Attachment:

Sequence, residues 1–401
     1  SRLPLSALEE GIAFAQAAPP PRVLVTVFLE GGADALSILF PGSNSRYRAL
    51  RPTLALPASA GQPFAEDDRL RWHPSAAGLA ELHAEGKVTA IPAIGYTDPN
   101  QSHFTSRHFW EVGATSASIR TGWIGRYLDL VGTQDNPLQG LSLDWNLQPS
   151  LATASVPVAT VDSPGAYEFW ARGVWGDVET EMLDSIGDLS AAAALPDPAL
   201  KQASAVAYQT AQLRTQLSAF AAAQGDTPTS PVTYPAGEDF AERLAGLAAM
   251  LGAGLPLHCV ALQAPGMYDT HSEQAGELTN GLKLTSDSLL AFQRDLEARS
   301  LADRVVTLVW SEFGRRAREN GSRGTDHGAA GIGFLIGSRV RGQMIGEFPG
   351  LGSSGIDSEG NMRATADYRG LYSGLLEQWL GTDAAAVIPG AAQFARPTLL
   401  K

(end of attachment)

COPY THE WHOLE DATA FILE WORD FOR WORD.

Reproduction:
Sequence, residues 1–401
     1  SRLPLSALEE GIAFAQAAPP PRVLVTVFLE GGADALSILF PGSNSRYRAL
    51  RPTLALPASA GQPFAEDDRL RWHPSAAGLA ELHAEGKVTA IPAIGYTDPN
   101  QSHFTSRHFW EVGATSASIR TGWIGRYLDL VGTQDNPLQG LSLDWNLQPS
   151  LATASVPVAT VDSPGAYEFW ARGVWGDVET EMLDSIGDLS AAAALPDPAL
   201  KQASAVAYQT AQLRTQLSAF AAAQGDTPTS PVTYPAGEDF AERLAGLAAM
   251  LGAGLPLHCV ALQAPGMYDT HSEQAGELTN GLKLTSDSLL AFQRDLEARS
   301  LADRVVTLVW SEFGRRAREN GSRGTDHGAA GIGFLIGSRV RGQMIGEFPG
   351  LGSSGIDSEG NMRATADYRG LYSGLLEQWL GTDAAAVIPG AAQFARPTLL
   401  K